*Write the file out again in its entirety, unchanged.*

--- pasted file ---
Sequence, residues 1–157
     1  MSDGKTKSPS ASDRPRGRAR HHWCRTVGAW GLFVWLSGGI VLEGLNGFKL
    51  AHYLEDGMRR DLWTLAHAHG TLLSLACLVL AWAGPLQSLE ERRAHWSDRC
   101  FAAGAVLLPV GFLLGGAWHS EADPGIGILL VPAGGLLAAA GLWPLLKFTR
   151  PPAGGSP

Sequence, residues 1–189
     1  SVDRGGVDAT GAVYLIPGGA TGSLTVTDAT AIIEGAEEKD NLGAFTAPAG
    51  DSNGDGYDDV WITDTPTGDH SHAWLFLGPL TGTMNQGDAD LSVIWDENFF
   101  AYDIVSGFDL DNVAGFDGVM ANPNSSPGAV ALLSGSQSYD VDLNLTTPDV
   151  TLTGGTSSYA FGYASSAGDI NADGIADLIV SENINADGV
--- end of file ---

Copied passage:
Sequence, residues 1–157
     1  MSDGKTKSPS ASDRPRGRAR HHWCRTVGAW GLFVWLSGGI VLEGLNGFKL
    51  AHYLEDGMRR DLWTLAHAHG TLLSLACLVL AWAGPLQSLE ERRAHWSDRC
   101  FAAGAVLLPV GFLLGGAWHS EADPGIGILL VPAGGLLAAA GLWPLLKFTR
   151  PPAGGSP

Sequence, residues 1–189
     1  SVDRGGVDAT GAVYLIPGGA TGSLTVTDAT AIIEGAEEKD NLGAFTAPAG
    51  DSNGDGYDDV WITDTPTGDH SHAWLFLGPL TGTMNQGDAD LSVIWDENFF
   101  AYDIVSGFDL DNVAGFDGVM ANPNSSPGAV ALLSGSQSYD VDLNLTTPDV
   151  TLTGGTSSYA FGYASSAGDI NADGIADLIV SENINADGV